Hotel Heir’s Murder Sparks Miami Feud
Initially, the brutal killing of Ben Novack Jr., heir to the founder of Miami Beach’s famed Fontainebleau Hotel, looked like the sordid story of a wealthy couple’s sexually charged marriage gone very wrong. A year later, the alleged murder of Novack Jr.’s mother was thrown into the mix. Then, in late February, the bizarrely tangled case escalated into a full-scale family feud involving the respective extended families of both husband and wife.
At issue: whether former stripper Narcisa Novack orchestrated her own widowhood and, if so, whether the Novack family fortune of some $6 to $10 million can be kept from benefiting her and her daughter and grandsons by way of a previous relationship.
“We are trying to have Narcy Novack declared ineligible to collect on her husband’s estate, the theory being that you can’t collect if you’re responsible for the death,” said attorney Mark Hanson, who filed a Petition to Determine Heirs in a Florida probate court on behalf of Novack Jr.’s aunt and three Novack cousins.
Should Narcy Novack, who faces trial in April for her husband’s murder, be found guilty, the disposition of the Novack estate could depend on a court’s interpretation of Florida’s so-called slayer rule, which says a killer “forfeits all benefits…. with respect to the decedent’s estate.”
In Florida, it has never been decided whether the family of a person found guilty of murder can benefit, Hanson said. But even if Narcy Novack is acquitted, Hanson told the Forward, he will pursue a civil route to deny benefits. Civil cases utilize a lesser standard of evidence than criminal cases to determine guilt. Hanson cited the O.J. Simpson case, in which Simpson was acquitted in the deaths of his ex-wife and her friend Ronald Goldman, but a civil trial jury found him liable for the wrongful death of Goldman and awarded the Goldman family $33 million.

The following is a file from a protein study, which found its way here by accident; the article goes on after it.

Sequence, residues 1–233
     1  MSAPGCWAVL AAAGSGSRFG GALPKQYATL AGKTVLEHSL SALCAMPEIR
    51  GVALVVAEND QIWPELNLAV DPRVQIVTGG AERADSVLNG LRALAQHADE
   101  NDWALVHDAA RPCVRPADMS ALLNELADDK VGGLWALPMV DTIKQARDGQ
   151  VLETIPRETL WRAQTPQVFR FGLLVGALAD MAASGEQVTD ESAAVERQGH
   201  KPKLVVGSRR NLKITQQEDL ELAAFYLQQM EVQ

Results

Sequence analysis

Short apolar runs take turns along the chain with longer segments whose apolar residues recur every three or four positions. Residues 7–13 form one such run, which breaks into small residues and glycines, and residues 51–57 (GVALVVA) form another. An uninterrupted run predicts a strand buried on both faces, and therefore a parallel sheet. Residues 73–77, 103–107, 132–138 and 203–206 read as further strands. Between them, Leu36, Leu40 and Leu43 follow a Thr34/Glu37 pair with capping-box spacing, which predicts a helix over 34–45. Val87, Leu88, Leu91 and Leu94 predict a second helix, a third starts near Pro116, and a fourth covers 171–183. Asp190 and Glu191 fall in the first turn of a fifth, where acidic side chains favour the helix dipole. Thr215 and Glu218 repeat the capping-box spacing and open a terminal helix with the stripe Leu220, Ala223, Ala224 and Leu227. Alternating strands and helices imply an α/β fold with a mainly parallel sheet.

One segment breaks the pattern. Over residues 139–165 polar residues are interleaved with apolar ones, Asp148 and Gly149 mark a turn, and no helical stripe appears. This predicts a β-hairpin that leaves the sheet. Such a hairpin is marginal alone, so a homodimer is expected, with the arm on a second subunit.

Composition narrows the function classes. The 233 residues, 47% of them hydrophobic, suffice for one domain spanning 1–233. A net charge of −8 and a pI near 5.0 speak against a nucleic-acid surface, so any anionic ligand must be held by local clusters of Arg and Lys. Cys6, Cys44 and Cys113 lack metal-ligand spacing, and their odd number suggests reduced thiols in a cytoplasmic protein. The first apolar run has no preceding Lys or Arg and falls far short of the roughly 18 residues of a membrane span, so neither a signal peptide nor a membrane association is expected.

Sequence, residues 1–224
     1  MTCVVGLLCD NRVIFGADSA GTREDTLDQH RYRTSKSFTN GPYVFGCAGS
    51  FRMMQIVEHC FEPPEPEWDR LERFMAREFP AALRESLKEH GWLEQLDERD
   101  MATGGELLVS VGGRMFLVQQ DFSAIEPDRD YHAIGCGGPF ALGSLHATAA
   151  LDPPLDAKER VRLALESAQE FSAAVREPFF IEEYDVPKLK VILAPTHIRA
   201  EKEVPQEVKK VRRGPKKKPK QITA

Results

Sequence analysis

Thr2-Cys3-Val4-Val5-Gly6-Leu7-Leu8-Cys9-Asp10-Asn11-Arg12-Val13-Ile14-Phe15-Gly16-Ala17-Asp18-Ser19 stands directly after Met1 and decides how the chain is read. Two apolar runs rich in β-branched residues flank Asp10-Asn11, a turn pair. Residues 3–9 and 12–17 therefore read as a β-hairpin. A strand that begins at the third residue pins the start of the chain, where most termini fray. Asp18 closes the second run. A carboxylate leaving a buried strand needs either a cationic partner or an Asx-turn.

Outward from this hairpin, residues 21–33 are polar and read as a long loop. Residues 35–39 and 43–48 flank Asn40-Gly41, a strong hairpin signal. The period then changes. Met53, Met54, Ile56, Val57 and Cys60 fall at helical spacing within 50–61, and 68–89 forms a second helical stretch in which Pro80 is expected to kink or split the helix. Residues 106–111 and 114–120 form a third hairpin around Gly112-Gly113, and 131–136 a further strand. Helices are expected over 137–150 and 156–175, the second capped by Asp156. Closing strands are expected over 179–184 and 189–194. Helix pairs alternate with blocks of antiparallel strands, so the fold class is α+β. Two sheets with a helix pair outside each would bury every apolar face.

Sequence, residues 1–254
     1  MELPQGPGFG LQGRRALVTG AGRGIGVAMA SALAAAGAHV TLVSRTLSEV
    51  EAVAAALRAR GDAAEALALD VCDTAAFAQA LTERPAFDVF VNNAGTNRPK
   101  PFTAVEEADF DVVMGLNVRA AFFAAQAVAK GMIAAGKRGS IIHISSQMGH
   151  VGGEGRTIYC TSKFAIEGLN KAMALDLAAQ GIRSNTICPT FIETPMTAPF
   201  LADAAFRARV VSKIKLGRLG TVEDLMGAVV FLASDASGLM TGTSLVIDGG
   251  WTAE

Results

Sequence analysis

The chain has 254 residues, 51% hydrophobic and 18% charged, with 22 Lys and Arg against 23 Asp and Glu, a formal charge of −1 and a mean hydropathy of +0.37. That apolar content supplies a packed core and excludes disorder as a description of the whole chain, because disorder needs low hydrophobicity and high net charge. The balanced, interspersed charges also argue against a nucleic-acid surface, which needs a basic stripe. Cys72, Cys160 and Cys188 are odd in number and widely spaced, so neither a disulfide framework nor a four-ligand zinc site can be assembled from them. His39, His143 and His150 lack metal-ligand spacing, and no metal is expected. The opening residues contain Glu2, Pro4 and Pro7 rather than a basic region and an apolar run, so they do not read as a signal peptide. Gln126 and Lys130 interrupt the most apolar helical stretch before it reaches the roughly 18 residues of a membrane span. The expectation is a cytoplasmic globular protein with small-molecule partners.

It was Harvey Morse, a Florida-based private investigator and international genealogist, who first got Hanson involved in the Novack case. Morse, who did not know the Novack family but learned about Ben Jr.’s murder through the media, recalled discussing the case with friends over lunch and saying to himself, “I’m gonna go find the relatives.”
Morse soon found four family blood relatives who might legitimately be heirs to both Novack’s estate and that of his mother, Bernice Novack: Maxine Fiel, who is Bernice Novack’s sister, and Novack Jr.’s first cousins —Andrea Danenza Wynn, Joseph Danenza and Gerald P. Brezner. Wynn is married to Las Vegas hotel and casino magnate Steve Wynn.
“I got hold of Maxine and I started to feel bad, being Jewish myself, and knowing what she’s gone through,” Morse said. He will also get paid a percentage in the event that any of these heirs inherit money from the estate.
At issue, Morse says, is the possibility that Narcy Novack’s daughter or grandsons could inherit Novack’s estate and use the money to benefit Narcy Novack. “She sits in jail,” he explained during a phone conversation, spinning out a possible scenario. “They get the money. She calls and asks for a loan to hire a defense attorney.”
Among the key assets of the estate is Novack Jr.’s famed collection of Batman memorabilia, valued at some $2 million.
The whole squalid business began on July 12, 2009, when Novack Jr.’s body was discovered, bound and bludgeoned, his eyes slit by a knife, in Room 453 of the Hilton Westchester in Rye Brook, N.Y. Four days short of the one-year anniversary of Novack’s death, Preet Bharara, United States attorney for the Southern District of New York, announced the indictments of Narcy Novack, then 53; her brother, Cristobal Veliz, and two other men on charges of interstate domestic violence and stalking. “As described in the indictment,” Bharara said, “the plot that led to the brutal death of Ben Novack was a family affair.”